Charles-Édouard Jeanneret-Gris, mostly known as Le Corbusier, was a unique figure in both the architectural and artistic fields due to his Modernist approach during the twentieth century.
He was born in 1887 in La Chaux-de-Fonds, a small city in Switzerland, where he studied architecture and began to paint. Delighted by the idea of discovering new influences beyond the ones found in the provincial city, he started to travel around Europe, and stationed himself in Paris in 1908 when he found a job in Auguste Perret’s office. Through Perret, Le Corbusier gets to know artists Juan Gris, George Braque, Pablo Picasso and Amédée Ozanfant. In order to separate the artist from the art critic, Le Corbusier adopted his pseudonym in 1920, as a tribute to his maternal grandfather. That same year, he launched L’Esprit Nouveau magazine with Ozenfant and Paul Dermée, where they published a manifest that praised the new movement of Purism.
In 1922 he opened an architecture studio in the 6th arrondissement of Paris with his cousin, Pierre Jeanneret. Until 1927, they designed, using concrete and geometric forms, several private houses for clients around the city, including Villa Stein-de Monzie, Maison Planeix and the Maison La Roche, which is now the Fondation Le Corbusier and can be visited from Monday to Saturday.
Corbusier’s architectural legacy in Paris is plentiful, and several of his creations remain open to the public. For instance, the Suisse Pavilion, a student residence in the Cité Universitaire de Paris, was commissioned to Le Corbusier in 1930. After designing four versions of the building, he produced the final one, with 42 student rooms, a breakfast area and entrance hall, that are accessible (ground floor and one sample apartment) every day.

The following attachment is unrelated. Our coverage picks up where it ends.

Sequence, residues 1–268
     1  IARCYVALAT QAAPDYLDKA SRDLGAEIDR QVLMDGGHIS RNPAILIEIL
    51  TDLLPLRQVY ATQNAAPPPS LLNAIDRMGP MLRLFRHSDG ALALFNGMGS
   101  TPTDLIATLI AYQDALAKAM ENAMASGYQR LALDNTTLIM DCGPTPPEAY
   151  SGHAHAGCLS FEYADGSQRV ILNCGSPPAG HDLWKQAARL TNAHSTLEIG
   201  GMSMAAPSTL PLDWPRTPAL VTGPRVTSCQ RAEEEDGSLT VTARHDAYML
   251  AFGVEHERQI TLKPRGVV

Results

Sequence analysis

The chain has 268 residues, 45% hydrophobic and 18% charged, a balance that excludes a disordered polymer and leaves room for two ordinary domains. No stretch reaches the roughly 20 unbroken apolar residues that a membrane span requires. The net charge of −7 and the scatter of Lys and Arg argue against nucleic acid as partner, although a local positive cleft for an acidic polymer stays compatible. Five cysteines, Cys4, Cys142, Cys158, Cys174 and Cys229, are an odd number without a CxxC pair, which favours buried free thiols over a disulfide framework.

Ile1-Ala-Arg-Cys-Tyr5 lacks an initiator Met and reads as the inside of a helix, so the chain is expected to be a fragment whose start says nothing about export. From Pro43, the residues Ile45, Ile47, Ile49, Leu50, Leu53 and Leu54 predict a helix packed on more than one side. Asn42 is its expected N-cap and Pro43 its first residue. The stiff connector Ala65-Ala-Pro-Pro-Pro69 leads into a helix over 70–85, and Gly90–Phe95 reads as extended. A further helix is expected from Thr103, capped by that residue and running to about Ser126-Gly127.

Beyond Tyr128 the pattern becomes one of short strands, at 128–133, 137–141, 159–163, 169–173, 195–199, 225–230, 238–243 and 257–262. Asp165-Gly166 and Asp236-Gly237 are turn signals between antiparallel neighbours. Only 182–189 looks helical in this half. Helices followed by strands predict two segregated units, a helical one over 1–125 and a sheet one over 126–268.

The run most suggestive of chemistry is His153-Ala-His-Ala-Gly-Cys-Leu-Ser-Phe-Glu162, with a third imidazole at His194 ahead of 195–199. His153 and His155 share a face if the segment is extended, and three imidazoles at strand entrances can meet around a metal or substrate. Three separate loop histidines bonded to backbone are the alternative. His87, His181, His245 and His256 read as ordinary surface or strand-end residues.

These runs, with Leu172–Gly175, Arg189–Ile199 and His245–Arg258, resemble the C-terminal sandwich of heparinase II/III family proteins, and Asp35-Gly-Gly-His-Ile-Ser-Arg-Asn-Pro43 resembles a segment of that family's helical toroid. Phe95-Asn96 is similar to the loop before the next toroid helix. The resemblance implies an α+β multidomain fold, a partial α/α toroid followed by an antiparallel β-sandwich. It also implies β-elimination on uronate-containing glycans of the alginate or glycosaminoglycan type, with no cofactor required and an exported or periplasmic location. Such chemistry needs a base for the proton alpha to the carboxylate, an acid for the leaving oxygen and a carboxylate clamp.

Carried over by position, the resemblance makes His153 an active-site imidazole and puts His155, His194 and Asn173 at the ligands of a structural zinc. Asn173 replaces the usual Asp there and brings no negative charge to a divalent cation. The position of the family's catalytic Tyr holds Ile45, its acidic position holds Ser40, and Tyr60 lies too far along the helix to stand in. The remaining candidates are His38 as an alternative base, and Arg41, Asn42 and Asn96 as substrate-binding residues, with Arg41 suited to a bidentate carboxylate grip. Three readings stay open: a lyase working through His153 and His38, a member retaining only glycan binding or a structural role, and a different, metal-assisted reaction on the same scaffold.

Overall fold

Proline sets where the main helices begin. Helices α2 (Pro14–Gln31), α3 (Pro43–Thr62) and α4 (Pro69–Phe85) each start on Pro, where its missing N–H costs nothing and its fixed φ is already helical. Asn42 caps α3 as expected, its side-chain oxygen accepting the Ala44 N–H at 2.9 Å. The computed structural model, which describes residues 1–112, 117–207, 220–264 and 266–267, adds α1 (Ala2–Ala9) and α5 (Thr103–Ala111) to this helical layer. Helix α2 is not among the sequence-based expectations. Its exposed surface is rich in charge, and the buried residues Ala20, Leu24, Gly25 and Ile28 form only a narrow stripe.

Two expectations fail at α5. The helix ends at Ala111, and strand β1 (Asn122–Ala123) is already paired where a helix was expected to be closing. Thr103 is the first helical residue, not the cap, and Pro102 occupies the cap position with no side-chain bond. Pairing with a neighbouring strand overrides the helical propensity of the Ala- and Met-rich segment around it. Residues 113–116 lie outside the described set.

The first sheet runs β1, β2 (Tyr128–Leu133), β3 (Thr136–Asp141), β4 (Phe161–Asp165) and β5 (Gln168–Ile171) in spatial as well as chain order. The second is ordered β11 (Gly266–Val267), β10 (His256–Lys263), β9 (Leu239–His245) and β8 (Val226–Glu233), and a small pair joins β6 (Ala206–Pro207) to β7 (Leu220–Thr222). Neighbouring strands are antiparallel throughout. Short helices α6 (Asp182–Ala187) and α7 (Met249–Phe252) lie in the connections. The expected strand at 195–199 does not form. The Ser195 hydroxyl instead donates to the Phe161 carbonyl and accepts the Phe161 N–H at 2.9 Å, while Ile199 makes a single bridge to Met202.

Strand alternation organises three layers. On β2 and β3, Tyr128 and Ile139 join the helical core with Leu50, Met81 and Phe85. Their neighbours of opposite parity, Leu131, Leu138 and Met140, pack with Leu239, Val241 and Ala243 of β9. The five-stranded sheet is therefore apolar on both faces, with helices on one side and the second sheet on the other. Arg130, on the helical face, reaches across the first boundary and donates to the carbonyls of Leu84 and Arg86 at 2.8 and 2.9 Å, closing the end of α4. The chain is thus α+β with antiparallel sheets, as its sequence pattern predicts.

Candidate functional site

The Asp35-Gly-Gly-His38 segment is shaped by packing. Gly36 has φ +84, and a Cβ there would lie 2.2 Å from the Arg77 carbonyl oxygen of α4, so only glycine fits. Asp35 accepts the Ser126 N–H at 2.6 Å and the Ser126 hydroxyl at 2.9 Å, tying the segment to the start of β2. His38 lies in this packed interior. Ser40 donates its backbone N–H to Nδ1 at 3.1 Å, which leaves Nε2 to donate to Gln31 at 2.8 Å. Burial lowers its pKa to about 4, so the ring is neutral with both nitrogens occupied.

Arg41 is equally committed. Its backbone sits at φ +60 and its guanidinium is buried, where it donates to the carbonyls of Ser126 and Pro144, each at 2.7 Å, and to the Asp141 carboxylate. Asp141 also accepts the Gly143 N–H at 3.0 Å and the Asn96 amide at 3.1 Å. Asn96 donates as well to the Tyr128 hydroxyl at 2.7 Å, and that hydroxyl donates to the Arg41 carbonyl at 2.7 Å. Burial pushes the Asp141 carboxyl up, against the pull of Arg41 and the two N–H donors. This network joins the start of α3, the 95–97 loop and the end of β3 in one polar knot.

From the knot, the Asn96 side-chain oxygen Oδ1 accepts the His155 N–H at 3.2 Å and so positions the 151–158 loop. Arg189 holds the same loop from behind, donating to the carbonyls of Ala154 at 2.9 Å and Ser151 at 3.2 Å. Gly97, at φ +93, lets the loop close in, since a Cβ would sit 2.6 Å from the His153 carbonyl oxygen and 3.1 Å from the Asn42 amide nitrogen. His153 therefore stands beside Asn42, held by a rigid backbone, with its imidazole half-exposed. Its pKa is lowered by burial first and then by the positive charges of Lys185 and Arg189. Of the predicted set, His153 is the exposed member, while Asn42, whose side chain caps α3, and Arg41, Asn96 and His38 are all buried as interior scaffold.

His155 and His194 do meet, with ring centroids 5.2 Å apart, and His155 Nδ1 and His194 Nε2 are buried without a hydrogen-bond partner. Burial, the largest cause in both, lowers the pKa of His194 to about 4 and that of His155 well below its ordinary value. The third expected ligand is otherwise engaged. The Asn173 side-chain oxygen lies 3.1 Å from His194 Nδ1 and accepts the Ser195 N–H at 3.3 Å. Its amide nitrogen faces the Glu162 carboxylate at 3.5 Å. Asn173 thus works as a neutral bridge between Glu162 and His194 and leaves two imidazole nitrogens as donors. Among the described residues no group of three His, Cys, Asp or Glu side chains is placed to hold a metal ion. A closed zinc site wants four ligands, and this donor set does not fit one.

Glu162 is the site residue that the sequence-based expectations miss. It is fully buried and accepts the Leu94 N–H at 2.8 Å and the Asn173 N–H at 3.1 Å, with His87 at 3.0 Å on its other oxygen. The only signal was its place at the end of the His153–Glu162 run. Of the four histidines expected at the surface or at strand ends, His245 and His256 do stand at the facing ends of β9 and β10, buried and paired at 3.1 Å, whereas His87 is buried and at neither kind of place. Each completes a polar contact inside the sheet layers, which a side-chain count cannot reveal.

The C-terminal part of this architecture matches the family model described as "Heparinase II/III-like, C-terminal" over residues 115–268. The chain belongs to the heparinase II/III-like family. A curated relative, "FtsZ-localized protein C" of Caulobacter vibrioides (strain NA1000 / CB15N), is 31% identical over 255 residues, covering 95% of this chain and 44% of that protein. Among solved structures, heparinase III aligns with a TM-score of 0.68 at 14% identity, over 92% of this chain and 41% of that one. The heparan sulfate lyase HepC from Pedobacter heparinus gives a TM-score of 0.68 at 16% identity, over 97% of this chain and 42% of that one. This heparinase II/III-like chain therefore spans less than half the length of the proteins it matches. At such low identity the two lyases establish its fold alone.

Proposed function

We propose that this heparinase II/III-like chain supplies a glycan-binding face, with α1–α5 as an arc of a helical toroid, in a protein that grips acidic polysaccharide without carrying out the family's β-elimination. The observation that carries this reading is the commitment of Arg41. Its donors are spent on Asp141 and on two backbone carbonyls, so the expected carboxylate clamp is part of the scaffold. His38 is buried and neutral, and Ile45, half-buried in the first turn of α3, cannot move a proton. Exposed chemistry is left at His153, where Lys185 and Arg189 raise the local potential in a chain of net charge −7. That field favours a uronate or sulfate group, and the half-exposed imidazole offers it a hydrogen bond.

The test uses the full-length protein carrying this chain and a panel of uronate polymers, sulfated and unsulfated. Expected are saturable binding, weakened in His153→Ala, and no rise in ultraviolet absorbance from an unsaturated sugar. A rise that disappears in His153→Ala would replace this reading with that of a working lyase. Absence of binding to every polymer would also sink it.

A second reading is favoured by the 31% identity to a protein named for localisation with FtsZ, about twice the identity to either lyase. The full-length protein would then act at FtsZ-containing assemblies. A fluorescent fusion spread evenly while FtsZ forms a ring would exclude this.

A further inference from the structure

In addition to the Swiss Pavillion in Paris’ Cité Universitaire, the Brazilian student residency was also designed by the swiss-french architect. Although it was first assigned to the Brazilian architect, Lucio Costa, he decided to delegate the construction of the ‘Maison du Brésil‘ to his friend Le Corbusier, who significantly changed the original project. In 1959, the place was inaugurated with 90 rooms, 5 flats, a library, and a theater with a dance floor. As in the majority of his buildings, his famous ‘Five Point’ rule is also evidently displayed. Le Corbusier’s theory of measurement, ‘Le Modulor,’ is also visible in this building when you consider its well balanced proportions.
Le Corbusier was strongly inspired by the geometric concepts of Leonardo daVinci and the Fibonacci series, from which he developed his book, ‘Le Modulor.’ Created to attend real space necessity and based on the dimensions of the human body, it was first defined with 1,75m and later with 1,83m, to avoid using the metric system. It developed into an incredibly useful measuring system during the post-war construction, when it became necessary to lodge a considerably large number of people in smaller places.
One of his masterpieces was the Unité d’habitation (residential building) called Cité Radieuse, which was built in Marseille. If you don’t have the chance to make a trip to the south of France, you can go to the Cité de l’Architecture, at Trocadéro and visit a true to size mockup of the Cité Radieuse. It is truly impressive to admire the dimension system used by the architect, and you can imagine all the air and light that would come through the wide windows and the double height living room with its balcony. Additionally, the modern room of the museum is a dreamy place for all those architecture-lovers, with all the replicas and models — and an amazing view of the Eiffel Tour is a plus!
Part of Le Corbusier’s fame and prestige was due to the diversity and originality of his buildings; author of other masterpieces such as The Convent of La Tourette, Ronchamp, Unité d’Habitation and Firminy, he bestowed upon each of his buildings a personality of its own! Le Corbusier was also the author of several remarkable books, such as ‘Towards an architecture,’ ‘Athens Charter,’ ‘Creation is a Patient Search,’ and many others.
Not only did he turn out to be one of the most brilliant architects of his time, he also influenced younger, international architects such as Lucio Costa and Oscar Niemeyer in the construction of Brasilia, which was strongly based on the plans of the Ville Radieuse.
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